Genealogy (tracing yourself back to better people)

After an eventful week involving such things as choosing paint for our bedroom (Raspberry Pink and a dash of Walnut – What does Blokey think? asked Mumsy, in the belief that he has any say in the matter!) and being girly (oh, the problems we have had with the car were worthy of their own mundane little post) on the phone (me! on the phone!) to appeal to the paternal instinct of car dealership manager men folk people things, I took myself down to Gip to visit my Mumsy.  I took The Blokey with me so that I could actually get there, but then I sent him home again so that myself and Mumsy could discuss important things, like Mo on Big Brother and how long I should leave it before sending The [Real] Big Brother an email wishing him a Happy [Belated] Birthday.

We went to the deepest, darkest parts of Suffolk to visit the villages/hamlets of my maternal grandad’s family.  We drove down one track lanes – swerving occasionally to avoid hitting p[h]easants – and we wondered no more at my great-grandfather’s desire to leave the area in the 1890s and find his [mis-]fortune in London. 

Ssshhh …

It’s Oh So Quiet.

Even today there is no noisy traffic.  The air is clean and fresh and the only noises we heard belonged to farming vehicles or animals.  A man spooked us by saying a cheery Hello! as he wandered past to post a letter in a postbox set in the wall of a dilapidated pink cottage.  It used to be a Post Office.  There were no Chav/ettes lounging around on street corners.  Indeed, there were no street corners, just curvy country lanes.  There was no litter drowning the wide open spaces, and there were no teenage boys playing House/Garage/Punk/Rock, loudly, out of their bedroom windows.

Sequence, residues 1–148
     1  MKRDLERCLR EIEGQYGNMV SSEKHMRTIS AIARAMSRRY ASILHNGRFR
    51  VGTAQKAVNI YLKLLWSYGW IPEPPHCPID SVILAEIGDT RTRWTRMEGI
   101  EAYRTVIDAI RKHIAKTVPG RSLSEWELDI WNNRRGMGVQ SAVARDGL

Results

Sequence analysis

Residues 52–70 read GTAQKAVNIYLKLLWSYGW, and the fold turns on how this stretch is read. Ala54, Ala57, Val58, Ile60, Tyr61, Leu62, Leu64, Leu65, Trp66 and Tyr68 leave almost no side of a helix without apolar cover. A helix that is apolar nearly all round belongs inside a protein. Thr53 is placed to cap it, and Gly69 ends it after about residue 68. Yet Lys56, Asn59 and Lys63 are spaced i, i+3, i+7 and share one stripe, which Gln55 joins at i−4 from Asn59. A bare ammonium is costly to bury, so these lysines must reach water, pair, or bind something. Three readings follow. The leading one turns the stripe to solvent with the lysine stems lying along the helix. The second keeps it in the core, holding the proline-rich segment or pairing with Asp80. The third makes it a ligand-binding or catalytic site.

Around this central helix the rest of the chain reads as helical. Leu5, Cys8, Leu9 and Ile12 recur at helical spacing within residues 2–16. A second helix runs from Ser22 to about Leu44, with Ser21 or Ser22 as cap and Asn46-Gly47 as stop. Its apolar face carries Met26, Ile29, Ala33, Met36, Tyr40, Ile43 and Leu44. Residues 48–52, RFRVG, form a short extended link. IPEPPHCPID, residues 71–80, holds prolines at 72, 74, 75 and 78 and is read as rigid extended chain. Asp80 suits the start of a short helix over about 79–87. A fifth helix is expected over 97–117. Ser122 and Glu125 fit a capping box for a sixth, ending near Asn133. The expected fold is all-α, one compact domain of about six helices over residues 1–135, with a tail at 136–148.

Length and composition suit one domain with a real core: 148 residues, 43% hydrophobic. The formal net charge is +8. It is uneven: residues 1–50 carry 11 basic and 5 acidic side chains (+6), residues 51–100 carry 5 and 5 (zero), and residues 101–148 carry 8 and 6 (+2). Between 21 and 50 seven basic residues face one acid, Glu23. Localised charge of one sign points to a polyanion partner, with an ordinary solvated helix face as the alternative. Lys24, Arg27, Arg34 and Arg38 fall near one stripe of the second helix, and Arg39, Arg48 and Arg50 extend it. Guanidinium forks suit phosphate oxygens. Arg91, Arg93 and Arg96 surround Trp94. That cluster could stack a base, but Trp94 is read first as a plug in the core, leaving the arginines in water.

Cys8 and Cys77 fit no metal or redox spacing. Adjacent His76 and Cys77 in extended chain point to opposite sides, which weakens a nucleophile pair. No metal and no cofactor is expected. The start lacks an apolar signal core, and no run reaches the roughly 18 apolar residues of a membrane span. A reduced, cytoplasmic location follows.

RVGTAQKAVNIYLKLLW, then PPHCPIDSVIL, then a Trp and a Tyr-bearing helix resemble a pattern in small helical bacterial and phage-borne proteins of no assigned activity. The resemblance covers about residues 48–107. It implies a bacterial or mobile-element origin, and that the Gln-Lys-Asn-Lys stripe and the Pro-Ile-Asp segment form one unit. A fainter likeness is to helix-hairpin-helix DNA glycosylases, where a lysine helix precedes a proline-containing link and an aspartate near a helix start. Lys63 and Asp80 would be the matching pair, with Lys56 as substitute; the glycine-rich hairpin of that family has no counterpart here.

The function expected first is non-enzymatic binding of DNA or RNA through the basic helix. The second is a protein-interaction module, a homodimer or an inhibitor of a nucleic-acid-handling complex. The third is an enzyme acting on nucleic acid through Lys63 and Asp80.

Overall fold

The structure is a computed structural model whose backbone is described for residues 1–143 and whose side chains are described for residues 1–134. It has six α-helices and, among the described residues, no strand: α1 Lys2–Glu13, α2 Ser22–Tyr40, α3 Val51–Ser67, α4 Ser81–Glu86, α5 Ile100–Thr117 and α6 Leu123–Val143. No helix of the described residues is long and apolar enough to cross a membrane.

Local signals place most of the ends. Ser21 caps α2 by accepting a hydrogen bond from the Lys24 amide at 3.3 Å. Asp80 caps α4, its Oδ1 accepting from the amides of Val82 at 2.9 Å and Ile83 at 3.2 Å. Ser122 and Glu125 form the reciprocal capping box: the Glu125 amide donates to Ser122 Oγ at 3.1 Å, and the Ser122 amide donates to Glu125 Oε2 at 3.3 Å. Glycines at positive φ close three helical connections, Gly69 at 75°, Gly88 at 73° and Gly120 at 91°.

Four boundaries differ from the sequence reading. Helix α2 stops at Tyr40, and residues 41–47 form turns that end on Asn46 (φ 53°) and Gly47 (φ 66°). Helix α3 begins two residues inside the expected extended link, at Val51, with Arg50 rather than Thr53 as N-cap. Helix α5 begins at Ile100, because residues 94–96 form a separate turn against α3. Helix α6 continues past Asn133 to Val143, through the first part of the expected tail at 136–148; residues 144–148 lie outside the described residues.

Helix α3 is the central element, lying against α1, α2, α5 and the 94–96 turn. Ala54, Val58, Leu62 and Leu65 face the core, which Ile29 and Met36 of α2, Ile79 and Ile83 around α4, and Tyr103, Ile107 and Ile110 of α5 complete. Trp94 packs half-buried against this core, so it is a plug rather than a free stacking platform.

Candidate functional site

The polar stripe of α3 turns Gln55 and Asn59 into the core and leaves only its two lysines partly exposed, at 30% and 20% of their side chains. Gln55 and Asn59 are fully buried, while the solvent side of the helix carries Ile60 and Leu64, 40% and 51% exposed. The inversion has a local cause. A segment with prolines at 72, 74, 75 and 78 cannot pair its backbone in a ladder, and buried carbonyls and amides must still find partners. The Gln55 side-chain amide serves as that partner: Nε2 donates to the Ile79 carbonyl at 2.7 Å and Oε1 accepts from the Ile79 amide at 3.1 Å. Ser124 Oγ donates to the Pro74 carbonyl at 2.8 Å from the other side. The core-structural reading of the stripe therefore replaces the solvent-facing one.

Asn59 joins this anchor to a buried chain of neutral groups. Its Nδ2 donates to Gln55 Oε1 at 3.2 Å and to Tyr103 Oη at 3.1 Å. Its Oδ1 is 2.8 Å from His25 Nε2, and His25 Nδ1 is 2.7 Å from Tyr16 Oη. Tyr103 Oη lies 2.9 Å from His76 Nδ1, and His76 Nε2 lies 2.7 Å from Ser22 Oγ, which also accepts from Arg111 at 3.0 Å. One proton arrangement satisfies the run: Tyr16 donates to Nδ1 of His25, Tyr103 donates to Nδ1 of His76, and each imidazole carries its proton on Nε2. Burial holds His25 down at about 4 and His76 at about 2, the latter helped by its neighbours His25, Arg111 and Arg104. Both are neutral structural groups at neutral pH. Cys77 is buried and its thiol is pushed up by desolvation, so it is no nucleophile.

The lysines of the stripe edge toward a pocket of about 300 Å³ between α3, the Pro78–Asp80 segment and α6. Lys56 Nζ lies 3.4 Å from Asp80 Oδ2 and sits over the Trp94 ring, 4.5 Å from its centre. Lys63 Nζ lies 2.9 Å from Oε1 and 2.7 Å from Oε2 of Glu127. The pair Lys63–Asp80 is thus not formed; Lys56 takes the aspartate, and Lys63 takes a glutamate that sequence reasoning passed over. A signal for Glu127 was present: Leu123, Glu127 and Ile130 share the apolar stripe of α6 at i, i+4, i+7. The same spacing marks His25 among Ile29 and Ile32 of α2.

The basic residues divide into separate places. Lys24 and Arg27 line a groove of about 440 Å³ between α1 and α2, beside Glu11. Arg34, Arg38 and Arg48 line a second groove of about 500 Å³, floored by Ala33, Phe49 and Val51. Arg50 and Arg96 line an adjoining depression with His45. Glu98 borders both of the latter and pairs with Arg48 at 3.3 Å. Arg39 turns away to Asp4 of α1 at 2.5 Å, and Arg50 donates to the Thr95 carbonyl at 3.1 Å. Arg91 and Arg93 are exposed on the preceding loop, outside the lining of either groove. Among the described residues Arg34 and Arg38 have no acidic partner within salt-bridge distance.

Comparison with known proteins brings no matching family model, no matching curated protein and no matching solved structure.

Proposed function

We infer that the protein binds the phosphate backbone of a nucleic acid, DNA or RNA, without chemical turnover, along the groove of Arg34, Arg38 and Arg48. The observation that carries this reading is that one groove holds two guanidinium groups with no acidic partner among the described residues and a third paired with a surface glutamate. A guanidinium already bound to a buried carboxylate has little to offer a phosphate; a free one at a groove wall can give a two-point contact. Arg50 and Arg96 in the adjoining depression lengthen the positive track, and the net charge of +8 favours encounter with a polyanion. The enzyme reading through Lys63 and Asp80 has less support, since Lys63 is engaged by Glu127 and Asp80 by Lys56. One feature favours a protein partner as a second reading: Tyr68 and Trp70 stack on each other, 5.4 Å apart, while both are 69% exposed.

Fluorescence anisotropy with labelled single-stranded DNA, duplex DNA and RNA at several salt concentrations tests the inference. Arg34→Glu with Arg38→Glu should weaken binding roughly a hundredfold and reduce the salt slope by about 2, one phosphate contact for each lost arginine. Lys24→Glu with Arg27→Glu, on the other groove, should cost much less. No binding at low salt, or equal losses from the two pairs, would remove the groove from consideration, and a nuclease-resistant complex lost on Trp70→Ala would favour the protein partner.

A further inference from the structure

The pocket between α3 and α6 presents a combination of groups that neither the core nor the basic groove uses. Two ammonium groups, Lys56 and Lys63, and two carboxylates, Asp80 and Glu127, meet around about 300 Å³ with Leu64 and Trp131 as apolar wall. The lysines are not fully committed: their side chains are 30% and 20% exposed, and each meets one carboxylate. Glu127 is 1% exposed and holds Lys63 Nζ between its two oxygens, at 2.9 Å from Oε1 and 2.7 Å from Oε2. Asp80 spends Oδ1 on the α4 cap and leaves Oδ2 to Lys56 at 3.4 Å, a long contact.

It’s the sort of place I would like to live, if I had the money.  The Working Class Farming Community of these parishes are simply now Middle Class Commuting Communities.  And I can understand why my great-grandfather didn’t want to follow his father and grandfather into the Ag. Lab. career …


The churches were open and inviting.  Peaceful.  Serene.  Nice …


complete with warnings …


and cool interiors.


But there were no family graves to dance on, although we searched long and hard.  We suspect they were too poor for expensive headstones that would last for generations.  Pffft.  It was a shame really, especially as I was very much looking forward to meeting Phoebe, my great-great-great grandmother. 

Later, after food in a pub with a randy landlord, my Mother put me on a train and sent me home to The Blokey. 

I still haven’t emailed The Big Brother to wish him birthday greetings; it was his birthday on Monday.  I’m not bitter about him forgetting mine, honest Guv’.

Please God bless my Phoebe-Grandmother xxx Elsabeth


  1. My mother’s family is from England—although the other side of the island from you, Wells, Somerset. The pictures are quite lovely and your trip sounded wonderful.G-d bless your Great-Great Grandmother Phoebe and my Great-Great-Great Grandmother Phebe also…. How’s the Blokey doin’? Health holding up ok?Take care,Des

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